Today, Dean Avis Hinkson announced in an email that Anne-Marie Slaughter, president and CEO of civic enterprise New America and author of the recently published book, Unfinished Business, would be the commencement speaker for the Barnard class of 2016. The email went on to say that the Barnard Medal of Distinction recipients include Sister Simone Campbell, attorney, lobbyist, and leader for social justice; Shafi Goldwasser, computer scientist and winner of the prestigious A.M. Turing Award; and Chimamanda Ngozi Adichie, internationally acclaimed author. The three medal recipients will be onstage during Commencement but will not speak.
This past fall, Barnard's Student Government Association released a survey to the senior class that requested input for choosing the commencement speaker for the class of 2016. The top 25 nominations up for vote were posted on the Barnard 2016 Class Council Facebook page, and SGA was kind enough to send the final top nominations to the administration for consideration. While Slaughter, Campbell, and Goldwasser were not on the list, Adichie was. In fact, many of the finalists were women of color, including Sonia Sotomayor, Mindy Kaling, and Beyoncé.
Adichie is an internationally acclaimed author of multiple works including Purple Hibiscus and Americanah. She is also an ex-medical school student, MacArthur Fellow, poet, novelist, and perhaps one of the most influential female voices in today's cultural, social, and political global schema. If Barnard can have Adichie onstage to receive a medal, why not have her speak?
On the petition I created this morning, one signatory wrote: "I'm completely baffled by the fact that seniors were invited to vote for our speaker and that one of the women we chose will be at graduation but will not be speaking. Why ask who we want to speak if you won't be taking this into account?"
In the fall, Barnard's senior class was buzzing with the opportunity to be able to have a say in the $250,000 ceremony that will be the culmination of our collective Barnard experience and the beginning our lives as bold, beautiful Barnard alumni.
Unfortunately, the Barnard administration failed to take our input into account this year. In the past 10 years, Barnard has featured only two women of color as commencement speakers: Leymah Gbowee in 2013 and Anna Deavere Smith in 2007. Five of these speakers have been politicians or businesswomen.
Last year, Samantha Power, the current United States ambassador to the UN, addressed the senior class in a speech that emphasized the tangibility of "doing it all." As a diplomat, lawyer, professor, writer, graduate of Harvard and Yale, and mother of two children, Power is a modern career woman who makes "having it all" look easy and possible. Power embodies the kind of person whom all Barnard graduates should aspire to become—or, at least, what the Barnard administration would like for them to become.
But I, as well as many of my peers, have a different understanding of this Barnard ideal. From my experiences in classes and various student organizations, Barnard has been a place for me to cultivate a multifaceted conception of intersectional, inclusive feminism. This particular version of feminism is not represented by those who sit on boards of Fortune 500 corporations or those who hold government positions. Instead, it's represented by women who illustrate resilience and overcome adversity under everyday circumstances. Women who can express themselves through caretaking within the home, or women who demonstrate strength through hard labor. These are women whose stories are not told. For me, Adichie is one of the few writers in our age who puts these women at the forefront.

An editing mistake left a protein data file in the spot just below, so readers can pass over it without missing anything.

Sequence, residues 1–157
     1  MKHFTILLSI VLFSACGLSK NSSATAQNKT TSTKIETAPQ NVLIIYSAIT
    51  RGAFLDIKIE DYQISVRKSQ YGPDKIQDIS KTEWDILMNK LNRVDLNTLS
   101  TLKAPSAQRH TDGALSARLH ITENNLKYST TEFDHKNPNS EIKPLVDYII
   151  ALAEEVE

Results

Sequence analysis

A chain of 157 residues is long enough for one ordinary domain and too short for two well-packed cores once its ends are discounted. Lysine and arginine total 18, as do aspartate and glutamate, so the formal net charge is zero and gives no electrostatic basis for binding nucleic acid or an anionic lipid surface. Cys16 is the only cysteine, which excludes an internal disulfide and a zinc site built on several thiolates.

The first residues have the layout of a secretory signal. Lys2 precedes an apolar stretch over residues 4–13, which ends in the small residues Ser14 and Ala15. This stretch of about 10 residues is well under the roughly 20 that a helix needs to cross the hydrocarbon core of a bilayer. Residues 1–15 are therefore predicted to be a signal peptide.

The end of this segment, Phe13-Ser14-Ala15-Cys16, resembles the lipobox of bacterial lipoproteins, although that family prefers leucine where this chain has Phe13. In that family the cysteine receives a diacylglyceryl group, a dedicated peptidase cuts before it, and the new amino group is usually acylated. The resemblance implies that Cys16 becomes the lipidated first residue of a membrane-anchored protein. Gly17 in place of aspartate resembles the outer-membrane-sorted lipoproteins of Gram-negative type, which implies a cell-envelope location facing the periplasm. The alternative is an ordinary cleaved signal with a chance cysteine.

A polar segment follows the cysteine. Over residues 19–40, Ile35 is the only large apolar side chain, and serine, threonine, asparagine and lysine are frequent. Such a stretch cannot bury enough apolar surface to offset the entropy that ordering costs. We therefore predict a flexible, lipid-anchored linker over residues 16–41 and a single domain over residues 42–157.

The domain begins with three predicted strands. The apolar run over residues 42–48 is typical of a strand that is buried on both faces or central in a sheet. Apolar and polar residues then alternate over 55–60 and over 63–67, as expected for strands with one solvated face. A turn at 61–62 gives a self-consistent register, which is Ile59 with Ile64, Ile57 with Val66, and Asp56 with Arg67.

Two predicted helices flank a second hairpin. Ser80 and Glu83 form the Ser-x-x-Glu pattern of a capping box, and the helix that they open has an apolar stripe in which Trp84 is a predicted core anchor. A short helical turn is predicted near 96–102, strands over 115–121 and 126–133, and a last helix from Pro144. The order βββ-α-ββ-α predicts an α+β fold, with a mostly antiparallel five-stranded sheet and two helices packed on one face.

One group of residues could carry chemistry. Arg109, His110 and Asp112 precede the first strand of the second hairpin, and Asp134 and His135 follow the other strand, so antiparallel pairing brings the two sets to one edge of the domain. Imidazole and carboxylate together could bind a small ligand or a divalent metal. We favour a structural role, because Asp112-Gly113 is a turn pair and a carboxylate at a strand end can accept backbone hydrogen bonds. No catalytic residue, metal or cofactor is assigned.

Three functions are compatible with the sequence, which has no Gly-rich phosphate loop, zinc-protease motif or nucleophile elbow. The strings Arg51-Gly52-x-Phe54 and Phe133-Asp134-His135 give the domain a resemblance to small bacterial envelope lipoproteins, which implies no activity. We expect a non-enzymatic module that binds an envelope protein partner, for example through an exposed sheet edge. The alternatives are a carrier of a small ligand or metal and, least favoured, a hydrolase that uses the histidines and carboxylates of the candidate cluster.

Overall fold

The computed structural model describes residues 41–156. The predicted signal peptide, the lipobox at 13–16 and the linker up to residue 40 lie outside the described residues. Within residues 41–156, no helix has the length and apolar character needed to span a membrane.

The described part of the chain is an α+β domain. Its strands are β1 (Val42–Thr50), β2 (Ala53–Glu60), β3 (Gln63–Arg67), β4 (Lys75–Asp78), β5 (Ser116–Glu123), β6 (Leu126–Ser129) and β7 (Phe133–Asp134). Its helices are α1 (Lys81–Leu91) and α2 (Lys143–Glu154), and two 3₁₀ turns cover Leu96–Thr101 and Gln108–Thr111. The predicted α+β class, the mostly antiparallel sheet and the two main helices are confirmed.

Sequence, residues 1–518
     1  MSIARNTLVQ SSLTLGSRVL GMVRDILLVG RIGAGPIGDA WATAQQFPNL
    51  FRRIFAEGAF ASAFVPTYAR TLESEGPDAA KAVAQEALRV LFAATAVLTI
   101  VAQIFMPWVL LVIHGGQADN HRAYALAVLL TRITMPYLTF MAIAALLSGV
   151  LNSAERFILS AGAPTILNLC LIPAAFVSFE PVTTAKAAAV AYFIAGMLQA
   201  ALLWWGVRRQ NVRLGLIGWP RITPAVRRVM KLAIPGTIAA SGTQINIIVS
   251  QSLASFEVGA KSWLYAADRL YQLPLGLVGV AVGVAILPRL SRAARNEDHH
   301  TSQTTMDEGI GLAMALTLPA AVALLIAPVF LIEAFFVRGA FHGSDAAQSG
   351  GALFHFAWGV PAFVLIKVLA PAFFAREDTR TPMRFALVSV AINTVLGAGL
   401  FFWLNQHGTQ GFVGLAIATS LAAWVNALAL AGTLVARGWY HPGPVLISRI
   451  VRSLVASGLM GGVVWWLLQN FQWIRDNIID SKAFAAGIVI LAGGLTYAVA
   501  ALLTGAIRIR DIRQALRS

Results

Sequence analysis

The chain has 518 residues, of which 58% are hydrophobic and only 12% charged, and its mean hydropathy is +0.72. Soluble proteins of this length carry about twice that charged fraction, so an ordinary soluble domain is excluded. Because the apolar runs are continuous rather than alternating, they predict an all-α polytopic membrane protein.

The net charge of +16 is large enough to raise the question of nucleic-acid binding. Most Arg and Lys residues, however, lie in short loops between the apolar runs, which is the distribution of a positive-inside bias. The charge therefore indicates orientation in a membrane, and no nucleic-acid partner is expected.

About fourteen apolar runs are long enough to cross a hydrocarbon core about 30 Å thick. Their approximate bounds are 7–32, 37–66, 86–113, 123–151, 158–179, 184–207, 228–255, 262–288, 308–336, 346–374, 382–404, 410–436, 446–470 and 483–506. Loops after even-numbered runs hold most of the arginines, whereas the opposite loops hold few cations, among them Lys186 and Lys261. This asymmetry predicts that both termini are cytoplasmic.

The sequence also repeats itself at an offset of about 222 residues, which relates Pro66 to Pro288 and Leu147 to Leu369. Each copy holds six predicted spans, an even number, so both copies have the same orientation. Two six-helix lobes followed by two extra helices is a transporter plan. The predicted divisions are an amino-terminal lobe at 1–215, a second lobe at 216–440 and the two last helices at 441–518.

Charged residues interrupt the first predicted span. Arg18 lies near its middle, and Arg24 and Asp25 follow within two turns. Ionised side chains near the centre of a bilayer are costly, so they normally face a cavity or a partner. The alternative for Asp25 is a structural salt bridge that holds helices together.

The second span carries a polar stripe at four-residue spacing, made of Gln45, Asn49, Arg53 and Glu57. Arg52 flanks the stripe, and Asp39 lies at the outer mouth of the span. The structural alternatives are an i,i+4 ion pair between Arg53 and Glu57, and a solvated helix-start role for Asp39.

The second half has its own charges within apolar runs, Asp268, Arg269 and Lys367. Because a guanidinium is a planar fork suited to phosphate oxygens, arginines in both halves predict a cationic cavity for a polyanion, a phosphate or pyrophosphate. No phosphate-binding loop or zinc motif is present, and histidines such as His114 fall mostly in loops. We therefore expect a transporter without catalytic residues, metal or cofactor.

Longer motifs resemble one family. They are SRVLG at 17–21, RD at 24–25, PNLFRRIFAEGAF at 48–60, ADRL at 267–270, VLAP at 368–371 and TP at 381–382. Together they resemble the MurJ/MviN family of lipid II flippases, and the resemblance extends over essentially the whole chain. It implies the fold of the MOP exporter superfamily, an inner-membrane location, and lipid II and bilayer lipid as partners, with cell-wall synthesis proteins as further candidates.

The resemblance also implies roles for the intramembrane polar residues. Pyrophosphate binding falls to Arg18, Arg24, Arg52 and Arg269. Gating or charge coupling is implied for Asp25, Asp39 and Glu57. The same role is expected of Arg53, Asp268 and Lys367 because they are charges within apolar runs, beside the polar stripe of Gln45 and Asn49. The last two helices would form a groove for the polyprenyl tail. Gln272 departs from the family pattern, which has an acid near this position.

Most of the answers in the petition (which has now gained over 200 signatories) cited reasons why students believe our graduating class should be addressed by Chimamanda Ngozi Adichie. One signatory says, "I would prefer my commencement speaker to be someone who preaches a feminism like mine—one that is intersectional and inclusive to its core. I believe that Chimamanda Ngozi Adichie fits that description more than Anne-Marie Slaughter." Most of the answers express resentment at the Barnard administration's brand of white corporate feminism, made manifest in the commencement speaker decision: "I think the having it all' discussion is really constrained to upper middle class, white, heterosexual women, and I'm not sure someone who's made her fame on it would be the best person to address the whole Barnard senior class," said one. Another wrote, "I want a break from this corporate push."
Adichie's works have been seminal in creating my own conception of the multifarious ways women should be represented in today's vibrant social, cultural, and political climate. The Barnard administration needs to take advantage of this opportunity to be forthright and progressive by honoring the voices of the Barnard graduates whom this ceremony is meant to celebrate and featuring Chimamanda Ngozi Adichie as the most prominent voice in this year's ceremony.
A signatory summed up the situation valiantly: "As a woman of color, I am incredibly disappointed (but sadly not surprised by) the administration's selection of a commencement speaker whose corporate white feminism will alienate a large segment of the senior class. This is particularly disappointing because one of the world's most respected black authors and feminist writers will be on stage, but silent."
The author is a Barnard College senior majoring in history and Middle Eastern studies. She is also the chair of the Student Governing Board.
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